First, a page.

Just to point out some facts… You can get the flu shot if you are pregnant.  This came up at work the other day.  It is not contraindicated.  It is advised (I know, there is limited data on fetal risk because the population data does not suggest an issue, but if there was a giant issue, they wouldn’t be doling it out to pregnant women… That is bad PR and asking for a lawsuit).  You can also get the flu shot while on most cancer treatments if you time it based on the advice of your doctor (ao came up at work)ls.  It is free in a bunch of workplaces and also if you have a chronic condition that puts you at risk if you were to get the flu.

Last year, I had, at one point, 3 people in ICU on ventilators (aka life support) with the flu.  The FLU.  And they were all in their 40s-60s.  Not old people.  Not necessarily people who were sickly before.  Crappy luck.  Bad strains.  None of them had received flu shots.  They all survived.  Not everyone is that lucky…  I also had a patient I cared for on an oncology related service die from complications related to the flu during their cancer treatment.

I have watched people die or nearly die from the flu.  I don’t want to watch more.

I know the vaccine isn’t perfect. Sure, there are years where they miss the mark in picking the viruses, but they still do confer some immunity and other years they are spot on.  I know people don’t trust doctors because apparently we have been brain washed.  And there is limited research on each specific year’s vaccine (because they are basically similar with different strains).   But, I like to hedge my bets.  It is simple, quick, easy and has more evidence behind it than most of the stuff seen on talk shows.

Don’t kill my patients.  Don’t kill my family.  Get the shot, it is extremely unlikely to make things worse and it probably will make things better.

Rant over.  I’ll step down again for now.

 

“Holiday” Monday

After a lovely weekend at home, I have a lieu day for working the Thanksgiving holiday last week.  That means long weekend for me!

As a result, I am now making turkey soup from scratch, am catching up on laundry and binge watching Grey’s Anatomy.  I feel very domestic.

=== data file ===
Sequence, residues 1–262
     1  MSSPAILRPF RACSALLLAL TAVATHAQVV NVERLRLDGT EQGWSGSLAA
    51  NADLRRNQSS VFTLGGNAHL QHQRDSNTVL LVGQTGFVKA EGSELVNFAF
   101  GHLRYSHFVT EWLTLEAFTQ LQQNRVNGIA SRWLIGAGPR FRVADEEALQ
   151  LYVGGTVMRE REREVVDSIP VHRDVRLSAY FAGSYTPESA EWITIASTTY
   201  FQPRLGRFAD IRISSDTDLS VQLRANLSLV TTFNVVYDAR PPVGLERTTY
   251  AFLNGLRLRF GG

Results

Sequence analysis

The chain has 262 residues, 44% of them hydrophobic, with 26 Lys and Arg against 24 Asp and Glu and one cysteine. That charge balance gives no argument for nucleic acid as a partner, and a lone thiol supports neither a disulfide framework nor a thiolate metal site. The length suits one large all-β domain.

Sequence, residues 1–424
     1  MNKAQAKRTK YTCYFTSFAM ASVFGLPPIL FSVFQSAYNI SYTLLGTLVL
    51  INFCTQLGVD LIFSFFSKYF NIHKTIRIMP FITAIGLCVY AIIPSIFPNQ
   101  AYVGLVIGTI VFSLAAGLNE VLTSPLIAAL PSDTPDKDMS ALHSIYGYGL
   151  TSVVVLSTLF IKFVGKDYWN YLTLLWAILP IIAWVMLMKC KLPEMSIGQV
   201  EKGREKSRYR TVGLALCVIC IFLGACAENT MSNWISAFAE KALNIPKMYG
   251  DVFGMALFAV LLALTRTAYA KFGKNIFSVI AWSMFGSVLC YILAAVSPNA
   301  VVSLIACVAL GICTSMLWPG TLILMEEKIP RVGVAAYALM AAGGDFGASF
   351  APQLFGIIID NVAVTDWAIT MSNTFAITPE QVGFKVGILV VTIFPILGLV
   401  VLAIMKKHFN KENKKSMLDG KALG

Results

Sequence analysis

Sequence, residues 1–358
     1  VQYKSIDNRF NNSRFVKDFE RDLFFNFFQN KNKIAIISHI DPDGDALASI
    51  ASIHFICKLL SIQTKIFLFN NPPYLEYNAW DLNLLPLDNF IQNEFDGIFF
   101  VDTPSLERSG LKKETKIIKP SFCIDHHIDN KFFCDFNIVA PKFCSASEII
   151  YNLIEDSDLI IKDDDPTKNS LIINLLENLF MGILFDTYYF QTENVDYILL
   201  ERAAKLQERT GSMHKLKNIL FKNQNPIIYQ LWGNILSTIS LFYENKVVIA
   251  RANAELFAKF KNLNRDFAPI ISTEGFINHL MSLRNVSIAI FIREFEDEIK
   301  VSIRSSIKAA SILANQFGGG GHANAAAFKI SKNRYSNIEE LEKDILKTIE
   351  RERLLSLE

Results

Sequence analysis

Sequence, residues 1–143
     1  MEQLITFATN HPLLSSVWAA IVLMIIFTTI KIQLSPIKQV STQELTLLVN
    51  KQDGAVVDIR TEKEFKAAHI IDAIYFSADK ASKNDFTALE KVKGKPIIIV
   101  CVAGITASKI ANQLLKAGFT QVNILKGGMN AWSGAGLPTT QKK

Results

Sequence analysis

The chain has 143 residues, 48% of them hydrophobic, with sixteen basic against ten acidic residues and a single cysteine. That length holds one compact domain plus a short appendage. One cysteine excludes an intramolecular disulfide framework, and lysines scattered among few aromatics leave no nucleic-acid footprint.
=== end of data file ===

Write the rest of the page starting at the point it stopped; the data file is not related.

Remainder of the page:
I have shared my angst about still watching Grey’s before and it still hasn’t left me.

I cringe at all of the changes, especially the last few seasons.  I hate the drama.  I hate that everyone and yet nobody dies all at the same time.  And yet, I watched it since the first season and I am sticking it out.

As a result, I am curled up on the couch and kind of look like this…

Image from gifsoup.com.

Happy Monday.

Thanksgiving Turkey and “Meeosh”

Yesterday was Thanksgiving here.

I was on call.  It is how I roll these days, it seems.

Despite that,  I thought it would be a good idea to have people over for Thanksgiving dinner.  Because we have a biggish dining room and I like to cook.

It was a good idea.

Some planning ahead and good luck meant that we had a lovely Thanksgiving dinner with Child, D and Dr. Bond.

I was ridiculously excited that I found a “decently priced” fresh turkey that was small enough to fit in our oven and the disposable baking pan that would also fit in our oven.

Jeter made it his main goal in life to eat the turkey.  He tried to eat it raw, he tried to pick the chunk of extra skin out of the garbage can and then, once everyone arrived, he proceeded to jump on the counter and try to steal a bite repeatedly.  That cat likes his meat.

I like having some “family” away from biological family.

I also like hosting Thanksgiving because it means we wind up with leftovers… My favourite.

Tonight we had what my family calls “Meeosh.”  The recipe: Take all of the leftovers, mix and fry them together in a frying pan, then put extra gravy on top.  Other people call it hash.  I call it delicious.  Patrick and I both looked forward to it all day.

Interestingly, Patrick had never had “Meeosh” until he married me.  In fact, he never had anything quite like it.  He thought us a bit odd that time as my Mom and I combined everything we pulled from the fridge in a giant frying pan.  He was pleasantly surprised and has never gone back.

Mmmm… Turkey.